Thursday, July 15, 2010

Opposable Thumbs (a short story)

“Of course, God exists!”
“Prove it!”

“Prove that he does not.”
“Ok. Tell me. If god exists, is he perfect?”

“Of course He is.”
“If god is perfect, then why isn’t any of his creations perfect? Why is everything flawed? Every single creation?”

“What do you mean, flawed? Every creation of God is perfect in its own way, from the exquisite starfish to the rational man.”
“The starfish cannot survive without water. Man sins.”

“Ok. But, that’s exactly how it should be! Without death, there cannot be life. Without sin, there cannot be virtue.”
“So, you agree? None of god’s creations is perfect?”

“Yes, perhaps you are right. But, then again, maybe that’s on purpose.”
“On purpose! Why would your perfect god create imperfections?”

“If the creations were perfect, they would all be God, then, wouldn’t they? How preposterous would that be! Of course, the creations have to be imperfect.”
“Why? What possibly could prevent god from creating perfection? Why would god refrain from creating other gods?”

“Are you out of your mind? Do you even know what you’re saying?”
“Could it be that god cannot create other gods? Maybe, your god simply lacks the ability to!”

“God has limitless ability. That’s a given!”
“I see. In that case, your god must fear competition!”

“Why so?”

“God has no reason to fear anything or anyone. He is omniscient, omnipresent, omnipotent.”
“Only because he has a monopoly, right? If there were other gods, he would be bound to share power, control, knowledge. Wouldn’t he?”

“Or, perhaps, god is vain. His vanity does not allow him to create perfection.”

“God is not vain!”
“What makes you say so?”

“The fact that God does not create perfection, of course! If God were vain, He would have made everything perfect, the first time!”

Smile. A touch. A slight caress. An embrace. “You should have quit when you were ahead.”
Smile. A kiss. “Guess, I was too vain!”

The coffee grows cold, exasperated.

* * *

“God exists. There is no question about it.”
“Prove it!”

“Are we really going to do this, again?”
“Yes. I gave up too easily the last time.”

“Ok. Prove that He does not.”
“Not falling into that trap again! It’s up to you to prove god’s existence.”

“Ok. You exist. Right?”

“This coffee exists, right? This table, this earth, the sky? The sun? They all exist, right?”
“Don’t tell me you’re resorting to the ‘Origin of Life’ thing!”

“Why not?”
“Life’s an evolutionary process – a biochemical process made possible by circuitry.”

“You mean, we’re all engines?”
“Aren’t we?”

“Ok. So, who created the engines? Who designed us?”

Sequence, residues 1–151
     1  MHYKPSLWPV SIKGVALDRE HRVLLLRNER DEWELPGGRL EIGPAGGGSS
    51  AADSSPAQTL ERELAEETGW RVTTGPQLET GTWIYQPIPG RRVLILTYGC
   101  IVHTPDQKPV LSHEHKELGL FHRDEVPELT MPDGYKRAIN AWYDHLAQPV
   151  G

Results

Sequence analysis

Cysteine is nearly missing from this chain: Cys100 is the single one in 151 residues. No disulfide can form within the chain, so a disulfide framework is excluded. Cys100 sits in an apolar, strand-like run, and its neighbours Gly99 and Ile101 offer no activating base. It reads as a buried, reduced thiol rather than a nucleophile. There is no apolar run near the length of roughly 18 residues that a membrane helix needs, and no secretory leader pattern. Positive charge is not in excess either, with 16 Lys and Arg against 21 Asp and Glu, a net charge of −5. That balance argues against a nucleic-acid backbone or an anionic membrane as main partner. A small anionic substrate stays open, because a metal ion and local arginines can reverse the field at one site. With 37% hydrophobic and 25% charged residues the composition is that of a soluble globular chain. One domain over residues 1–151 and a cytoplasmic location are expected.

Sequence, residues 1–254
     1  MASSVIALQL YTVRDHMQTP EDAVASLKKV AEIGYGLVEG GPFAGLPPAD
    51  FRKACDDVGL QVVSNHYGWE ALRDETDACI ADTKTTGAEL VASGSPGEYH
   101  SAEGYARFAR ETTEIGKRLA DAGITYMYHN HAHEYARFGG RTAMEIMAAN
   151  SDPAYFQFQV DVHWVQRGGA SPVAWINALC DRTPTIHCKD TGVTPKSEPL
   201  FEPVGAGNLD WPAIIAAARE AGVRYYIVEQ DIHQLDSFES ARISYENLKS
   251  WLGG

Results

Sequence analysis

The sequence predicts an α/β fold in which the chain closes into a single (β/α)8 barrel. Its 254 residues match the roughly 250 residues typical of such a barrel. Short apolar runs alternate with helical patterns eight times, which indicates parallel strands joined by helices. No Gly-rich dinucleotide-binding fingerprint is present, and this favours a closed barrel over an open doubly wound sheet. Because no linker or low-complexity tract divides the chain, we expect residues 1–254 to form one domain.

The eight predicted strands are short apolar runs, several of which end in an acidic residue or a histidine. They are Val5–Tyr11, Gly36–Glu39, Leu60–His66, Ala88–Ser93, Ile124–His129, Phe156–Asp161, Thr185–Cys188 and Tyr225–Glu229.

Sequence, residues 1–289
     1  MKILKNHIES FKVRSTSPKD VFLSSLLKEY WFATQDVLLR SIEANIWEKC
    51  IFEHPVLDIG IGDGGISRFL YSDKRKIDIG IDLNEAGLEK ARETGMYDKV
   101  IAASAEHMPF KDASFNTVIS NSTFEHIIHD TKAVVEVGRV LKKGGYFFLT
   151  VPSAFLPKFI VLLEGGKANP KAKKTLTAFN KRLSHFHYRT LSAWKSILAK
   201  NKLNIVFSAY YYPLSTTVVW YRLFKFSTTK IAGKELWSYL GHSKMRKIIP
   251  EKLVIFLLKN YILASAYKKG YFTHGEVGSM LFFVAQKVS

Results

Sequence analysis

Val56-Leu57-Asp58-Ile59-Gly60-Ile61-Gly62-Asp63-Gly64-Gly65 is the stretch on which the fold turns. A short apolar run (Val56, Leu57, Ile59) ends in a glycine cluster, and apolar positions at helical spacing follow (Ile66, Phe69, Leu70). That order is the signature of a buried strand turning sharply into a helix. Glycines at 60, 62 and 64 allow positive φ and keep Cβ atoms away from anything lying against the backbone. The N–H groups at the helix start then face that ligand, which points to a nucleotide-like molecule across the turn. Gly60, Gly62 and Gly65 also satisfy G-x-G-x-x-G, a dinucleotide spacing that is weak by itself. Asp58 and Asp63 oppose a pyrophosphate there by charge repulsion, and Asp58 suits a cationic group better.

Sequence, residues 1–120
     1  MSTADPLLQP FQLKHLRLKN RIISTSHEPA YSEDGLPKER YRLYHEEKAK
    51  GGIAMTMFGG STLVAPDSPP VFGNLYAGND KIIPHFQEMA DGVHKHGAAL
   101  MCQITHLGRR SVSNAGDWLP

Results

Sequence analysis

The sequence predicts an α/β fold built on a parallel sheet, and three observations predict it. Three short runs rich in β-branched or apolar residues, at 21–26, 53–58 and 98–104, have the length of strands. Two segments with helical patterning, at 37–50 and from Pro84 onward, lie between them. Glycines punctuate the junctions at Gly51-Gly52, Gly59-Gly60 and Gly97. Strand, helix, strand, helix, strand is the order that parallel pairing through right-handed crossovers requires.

“It doesn’t have to be a ‘Who’. It’s an accident. Like a spark that made the first fire when two stones rubbed against each other.”

“An accident! You, me, the human race, the flora and fauna, the earth, the solar system, the galaxies, the universe – all, an accident!”
“Why not? It’s all science. God did not create any of this. God didn’t create Man. Man created god.”

“Man created God!?”
“Yes. It’s obvious, isn’t it? Man couldn’t, and still can’t, rationally explain all he saw and sees around him, based on current knowledge at any given point of time thus far in human history, and so – driven by his inherent need for answers – sought and continues to seek refuge in the concept of a greater being, a supreme creator, a god!”

“Perhaps it is that need for answers that led to man’s understanding of God. The rationality of man is God’s gift to enable us to feel, understand, accept Him.”
“The rationality of Man? Isn’t that a bit counter-intuitive?”

“Not at all! Without our rationality, we wouldn’t have been curious about the origin of creation. Without that ability to question and rationalize, we would not have been led to the path of God.”

Smile. A caress. Fingers through the hair. “It’s fine, darling!”
Smile. A sigh. “Yes, I guess it is.”

The sunset withers, unwatched, wan.

* * *

“I still can’t accept this ‘god’ concept!”

“Again? Really?”
“What do you mean, again? Of course, I will question till I am convinced.”

“Ok. What is your question now?”
“What, in the physical world, proves god’s existence? Forget the Origin of Creation! Frankly, there’s no way to prove or test anything evidentially to prove or disprove god on that aspect, so let’s forget that subject. What in the present, the known history and the conceivable future proves god’s existence?”

“Well, I could quote Jesus, Buddha, Mohammad, Moses!”
“They were good, thoughtful men with ideas of equality and brotherhood ahead of their times, that’s all. Early communists, I’d say!”

"They performed miracles! They healed the sick, brought back the dead!"
"They were good doctors. And, history has a way of distorting facts - ever heard of Chinese whisper?"

“What about the goodness and altruism around us?”
“What about the evil and the violence?”

“Ok, fair enough. You know what, we could go on all evening about this! Guess, it does come down to faith, after all! Can we finish our meal now?”
“Faith! Blind, irrational belief. Yes, you’re right. So, you finally agree with me!”

“Yep! Think about it! If belief and faith are at the core of Man’s acceptance and understanding of your god, then what happens when Man becomes extinct? What happens to your god, then? Without Man to believe, how can god exist?”

Silence. A stare in the distance.
A laugh. The sound of cheerful cutlery. “Gotcha!”

The full moon hides behind the clouds. The lightning strikes the iron.

* * *

She could have sworn, even as her lover lay dying in her arms: the thunder sounded like “GOTCHA!”

He smiled, for the last time. "We should have heeded the storm warning."

* * * * *

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